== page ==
Keywords: Experimental Economics; Methodology; Control; Incentives; Learning; Deception.
    JEL: B40 C90
    Date: 2009–01
  3. By: Clare Anderson; David L. Dickinson
    Abstract: Though it is well known that sleep loss results in poor judgment and decisions, little is known about the influence of social context in these processes. Sixteen healthy young adults underwent three games involving bargaining (‘Ultimatum’ and ‘Dictator’) and trust, following total sleep deprivation (TSD) and during rested wakefulness (RW), in a repeated measures, counterbalanced design. To control for repeatability, a second group (n=16) was tested twice under RW conditions. Paired anonymously with another individual, participants made their simple social interaction decisions facing real monetary incentives. For bargaining, following TSD participants were more likely to reject unequal-split offers made by their partner, despite the rejection resulting in a zero monetary payoff for both participants. For the trust game, participants were less likely to place full trust in their anonymous partner, again affecting final payoff. Overall, we provide novel evidence that following TSD, the conflict between personal financial gain and payoff equality is focused on unfavourable inequality. This results in the rejection of unfair offers, at personal monetary cost, and the lack of full trust, which would expose one to being exploited in the interaction. As such, we suggest that within a social domain a rational decision may not prevail over more emotional options following TSD, which has fundamental consequence for real-world decision making involving social exchange. Key Words: Sleep loss, trust, bargaining, social preference, interaction
    Date: 2009
  4. By: Jana Krajcova; Andreas Ortmann
    Abstract: We study the effects of loaded instructions in a bribery experiment. We find a strong gender effect: men and women react differently to real-world framing. The treatment effect becomes significant once we allow for genderspecific coefficients. Our paper contributes to the (small) literature on experimental tests of (anti-)corruption measures and adds evidence to the (mixed) results on gender effects and the on-going discussion on the need for sociodemographic controls.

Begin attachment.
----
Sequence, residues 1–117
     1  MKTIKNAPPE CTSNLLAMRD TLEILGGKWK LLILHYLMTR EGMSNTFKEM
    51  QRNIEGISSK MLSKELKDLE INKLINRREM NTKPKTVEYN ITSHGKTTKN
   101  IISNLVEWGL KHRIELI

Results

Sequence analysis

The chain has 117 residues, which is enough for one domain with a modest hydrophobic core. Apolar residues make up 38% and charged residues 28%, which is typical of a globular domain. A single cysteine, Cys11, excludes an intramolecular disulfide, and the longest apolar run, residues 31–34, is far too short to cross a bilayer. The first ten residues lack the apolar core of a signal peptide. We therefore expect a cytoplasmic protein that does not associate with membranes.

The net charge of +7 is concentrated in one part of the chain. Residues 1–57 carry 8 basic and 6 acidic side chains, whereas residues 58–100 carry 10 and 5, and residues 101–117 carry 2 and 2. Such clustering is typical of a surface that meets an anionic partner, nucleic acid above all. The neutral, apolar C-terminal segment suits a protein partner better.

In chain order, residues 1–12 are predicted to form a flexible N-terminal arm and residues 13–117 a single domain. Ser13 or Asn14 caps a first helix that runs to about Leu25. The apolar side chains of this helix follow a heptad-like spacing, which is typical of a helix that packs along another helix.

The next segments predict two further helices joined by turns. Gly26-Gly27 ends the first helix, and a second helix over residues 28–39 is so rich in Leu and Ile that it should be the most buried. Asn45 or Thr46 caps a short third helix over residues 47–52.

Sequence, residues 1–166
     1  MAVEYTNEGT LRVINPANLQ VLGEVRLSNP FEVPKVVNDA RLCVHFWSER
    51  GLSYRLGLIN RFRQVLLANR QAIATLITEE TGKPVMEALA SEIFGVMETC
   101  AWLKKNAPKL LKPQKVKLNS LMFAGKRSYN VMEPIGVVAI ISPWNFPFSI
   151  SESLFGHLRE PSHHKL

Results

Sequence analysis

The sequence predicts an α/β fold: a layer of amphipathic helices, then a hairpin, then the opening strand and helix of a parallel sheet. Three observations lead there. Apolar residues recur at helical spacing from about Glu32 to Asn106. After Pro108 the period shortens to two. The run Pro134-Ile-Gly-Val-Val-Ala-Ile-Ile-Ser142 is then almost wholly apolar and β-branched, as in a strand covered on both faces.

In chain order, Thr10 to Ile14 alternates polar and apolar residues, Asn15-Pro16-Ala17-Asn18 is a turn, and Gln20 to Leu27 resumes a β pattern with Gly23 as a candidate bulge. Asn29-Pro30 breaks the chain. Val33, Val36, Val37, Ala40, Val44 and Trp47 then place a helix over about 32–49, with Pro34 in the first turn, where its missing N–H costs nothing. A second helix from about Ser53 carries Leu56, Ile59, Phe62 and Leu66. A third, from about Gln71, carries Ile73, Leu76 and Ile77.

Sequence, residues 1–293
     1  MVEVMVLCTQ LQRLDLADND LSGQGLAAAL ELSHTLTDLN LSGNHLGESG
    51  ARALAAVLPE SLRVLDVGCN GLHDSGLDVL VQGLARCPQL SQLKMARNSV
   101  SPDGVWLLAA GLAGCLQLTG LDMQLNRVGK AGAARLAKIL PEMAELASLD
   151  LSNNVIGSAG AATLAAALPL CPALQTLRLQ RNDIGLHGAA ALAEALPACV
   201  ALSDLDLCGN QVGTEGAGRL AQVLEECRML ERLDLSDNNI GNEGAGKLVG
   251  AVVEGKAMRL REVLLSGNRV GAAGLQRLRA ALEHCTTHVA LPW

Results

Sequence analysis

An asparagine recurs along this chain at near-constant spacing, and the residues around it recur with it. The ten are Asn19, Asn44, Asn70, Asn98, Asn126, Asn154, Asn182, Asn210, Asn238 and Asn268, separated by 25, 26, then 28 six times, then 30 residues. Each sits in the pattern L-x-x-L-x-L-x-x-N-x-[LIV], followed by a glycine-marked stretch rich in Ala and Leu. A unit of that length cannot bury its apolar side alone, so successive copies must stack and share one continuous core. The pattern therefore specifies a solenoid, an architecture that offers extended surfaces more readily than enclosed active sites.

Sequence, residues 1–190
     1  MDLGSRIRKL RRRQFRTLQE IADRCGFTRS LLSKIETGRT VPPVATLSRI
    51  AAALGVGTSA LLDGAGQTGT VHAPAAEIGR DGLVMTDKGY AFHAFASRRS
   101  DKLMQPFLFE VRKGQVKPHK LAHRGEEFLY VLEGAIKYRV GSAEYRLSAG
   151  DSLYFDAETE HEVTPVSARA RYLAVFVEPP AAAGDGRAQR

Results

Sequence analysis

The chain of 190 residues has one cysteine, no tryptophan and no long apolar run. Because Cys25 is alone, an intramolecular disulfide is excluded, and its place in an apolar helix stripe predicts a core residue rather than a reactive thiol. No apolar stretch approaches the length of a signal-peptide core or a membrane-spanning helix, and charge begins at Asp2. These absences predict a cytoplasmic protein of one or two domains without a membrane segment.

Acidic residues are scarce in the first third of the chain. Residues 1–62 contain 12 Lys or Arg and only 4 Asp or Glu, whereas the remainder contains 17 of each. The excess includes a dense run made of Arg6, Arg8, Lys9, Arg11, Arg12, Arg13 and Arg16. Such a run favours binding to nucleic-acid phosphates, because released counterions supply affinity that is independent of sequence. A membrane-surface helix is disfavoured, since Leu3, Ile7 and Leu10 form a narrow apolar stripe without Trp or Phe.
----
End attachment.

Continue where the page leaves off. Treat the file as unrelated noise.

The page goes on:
Keywords: Corruption, anti-corruption mechanisms, optimal contract, monitoring
    JEL: C91 D02 D73 K42
    Date: 2008–11
  5. By: Nicholas Bardsley (National Centre for Research Methods, University of Southampton); Judith Mehta (School of Economics, University of East Anglia); Chris Starmer (CeDEx, University of Nottingham); Robert Sugden (School of Economics, University of East Anglia)
    Abstract: This paper reports experimental tests of two alternative explanations of how players use focal points to select equilibria in one-shot coordination games. Cognitive hierarchy theory explains coordination as the result of common beliefs about players’ pre-reflective inclinations towards the relevant strategies; the theory of team reasoning explains it as the result of the players’ using a non-standard form of reasoning. We report two experiments. One finds strong support for team reasoning; the other supports cognitive hierarchy theory. In the light of additional questionnaire evidence, we conclude that players’ reasoning is sensitive to the decision context.
    Keywords: salience, focal point, cognitive hierarchy, team reasoning
    JEL: C72 C92
    Date: 2008–12
  6. By: Clayton Featherstone; Muriel Niederle
    Abstract: Criteria for evaluating school choice mechanisms are first, whether truth-telling is sometimes punished and second, how efficient the match is. With common knowledge preferences, Deferred Acceptance (DA) dominates the Boston mechanism by the first criterion and is ambiguously ranked by the second. Our laboratory experiments confirm this. A new ex ante perspective, where preferences are private information, introduces new efficiency costs borne by strategy-proof mechanisms, like DA. In a symmetric environment, truth-telling can be an equilibrium under Boston, and Boston can first-order stochastically dominate DA in terms of efficiency, both in theory and in the laboratory.